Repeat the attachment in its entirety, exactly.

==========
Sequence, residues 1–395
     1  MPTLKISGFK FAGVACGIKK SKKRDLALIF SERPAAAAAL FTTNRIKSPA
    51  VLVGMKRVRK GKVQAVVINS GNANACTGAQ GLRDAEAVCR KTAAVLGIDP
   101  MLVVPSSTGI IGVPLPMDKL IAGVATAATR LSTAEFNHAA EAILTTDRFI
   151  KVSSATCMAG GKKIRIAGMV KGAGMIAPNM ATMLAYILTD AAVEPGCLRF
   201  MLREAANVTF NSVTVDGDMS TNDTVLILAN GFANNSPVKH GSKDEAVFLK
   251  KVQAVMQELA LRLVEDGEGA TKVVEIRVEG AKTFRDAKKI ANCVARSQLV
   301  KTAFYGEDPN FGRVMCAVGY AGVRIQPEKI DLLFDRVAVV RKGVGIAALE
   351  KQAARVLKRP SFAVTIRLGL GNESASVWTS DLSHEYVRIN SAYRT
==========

Sequence, residues 1–395
     1  MPTLKISGFK FAGVACGIKK SKKRDLALIF SERPAAAAAL FTTNRIKSPA
    51  VLVGMKRVRK GKVQAVVINS GNANACTGAQ GLRDAEAVCR KTAAVLGIDP
   101  MLVVPSSTGI IGVPLPMDKL IAGVATAATR LSTAEFNHAA EAILTTDRFI
   151  KVSSATCMAG GKKIRIAGMV KGAGMIAPNM ATMLAYILTD AAVEPGCLRF
   201  MLREAANVTF NSVTVDGDMS TNDTVLILAN GFANNSPVKH GSKDEAVFLK
   251  KVQAVMQELA LRLVEDGEGA TKVVEIRVEG AKTFRDAKKI ANCVARSQLV
   301  KTAFYGEDPN FGRVMCAVGY AGVRIQPEKI DLLFDRVAVV RKGVGIAALE
   351  KQAARVLKRP SFAVTIRLGL GNESASVWTS DLSHEYVRIN SAYRT